Following the convention adopted by popular audio processing libraries such as Essentia and Librosa, from v0.0.5 onwards CREPE will pad the input signal such that the first frame is zero-centered (the center of the frame corresponds to time 0) and generally all frames are centered around their corresponding timestamp, i.e. frame D[:, t] is centered at audio[t * hop_length]. This behavior can be changed by specifying the optional --no-centering flag, in which case the first frame will start at time zero and generally frame D[:, t] will begin at audio[t * hop_length]. Sticking to the default behavior (centered frames) is strongly recommended to avoid misalignment with features and annotations produced by other common audio processing tools.

Model Capacity

CREPE uses the model size that was reported in the paper by default, but can optionally use a smaller model for computation speed, at the cost of slightly lower accuracy. You can specify --model-capacity {tiny|small|medium|large|full} as the command line option to select a model with desired capacity.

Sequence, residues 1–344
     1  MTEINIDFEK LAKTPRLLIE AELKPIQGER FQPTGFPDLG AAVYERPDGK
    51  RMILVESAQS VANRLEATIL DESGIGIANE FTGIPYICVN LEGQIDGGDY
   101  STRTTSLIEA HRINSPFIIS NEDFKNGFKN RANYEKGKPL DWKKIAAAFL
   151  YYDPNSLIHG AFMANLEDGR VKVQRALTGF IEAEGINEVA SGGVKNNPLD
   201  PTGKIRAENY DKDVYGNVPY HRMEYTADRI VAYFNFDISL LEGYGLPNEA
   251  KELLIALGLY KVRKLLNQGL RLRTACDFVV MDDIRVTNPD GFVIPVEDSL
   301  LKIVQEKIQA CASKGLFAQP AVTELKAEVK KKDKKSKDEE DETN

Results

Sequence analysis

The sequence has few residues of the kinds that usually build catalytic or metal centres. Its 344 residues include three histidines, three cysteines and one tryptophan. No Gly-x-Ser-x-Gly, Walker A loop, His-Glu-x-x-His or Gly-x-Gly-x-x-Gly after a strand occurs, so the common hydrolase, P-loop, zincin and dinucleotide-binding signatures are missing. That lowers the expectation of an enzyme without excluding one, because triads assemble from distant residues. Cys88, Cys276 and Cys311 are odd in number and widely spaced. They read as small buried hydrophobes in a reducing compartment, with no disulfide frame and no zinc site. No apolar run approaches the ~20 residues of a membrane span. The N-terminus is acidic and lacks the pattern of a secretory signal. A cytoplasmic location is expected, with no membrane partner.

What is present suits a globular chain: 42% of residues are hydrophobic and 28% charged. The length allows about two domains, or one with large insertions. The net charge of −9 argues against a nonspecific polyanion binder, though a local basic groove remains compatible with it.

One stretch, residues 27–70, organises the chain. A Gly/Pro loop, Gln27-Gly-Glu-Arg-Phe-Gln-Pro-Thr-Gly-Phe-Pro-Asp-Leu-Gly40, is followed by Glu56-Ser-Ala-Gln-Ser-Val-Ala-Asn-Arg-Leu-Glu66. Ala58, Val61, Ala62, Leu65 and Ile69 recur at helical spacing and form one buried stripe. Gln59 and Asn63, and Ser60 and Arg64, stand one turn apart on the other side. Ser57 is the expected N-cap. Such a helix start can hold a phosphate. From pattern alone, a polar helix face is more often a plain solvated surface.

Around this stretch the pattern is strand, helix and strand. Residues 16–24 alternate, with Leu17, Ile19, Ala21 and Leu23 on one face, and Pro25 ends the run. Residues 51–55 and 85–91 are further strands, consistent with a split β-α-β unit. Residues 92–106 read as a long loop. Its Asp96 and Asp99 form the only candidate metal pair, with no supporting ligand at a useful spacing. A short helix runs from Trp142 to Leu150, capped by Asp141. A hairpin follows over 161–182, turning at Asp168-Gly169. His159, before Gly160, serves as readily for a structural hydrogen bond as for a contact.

Temporal smoothing

By default CREPE does not apply temporal smoothing to the pitch curve, but Viterbi smoothing is supported via the optional --viterbi command line argument.

Saving the activation matrix

The script can also optionally save the output activation matrix of the model to an npy file (--save-activation), where the matrix dimensions are (n_frames, 360) using a hop size of 10 ms (there are 360 pitch bins covering 20 cents each).

The script can also output a plot of the activation matrix (--save-plot), saved to audio_file.activation.png including an optional visual representation of the model's voicing detection (--plot-voicing). Here's an example plot of the activation matrix (without the voicing overlay) for an excerpt of male singing voice:


Batch processing

For batch processing of files, you can provide a folder path instead of a file path:

$ python audio_folder

The script will process all WAV files found inside the folder.

Additional usage information

For more information on the usage, please refer to the help message:

$ python --help

Using CREPE inside Python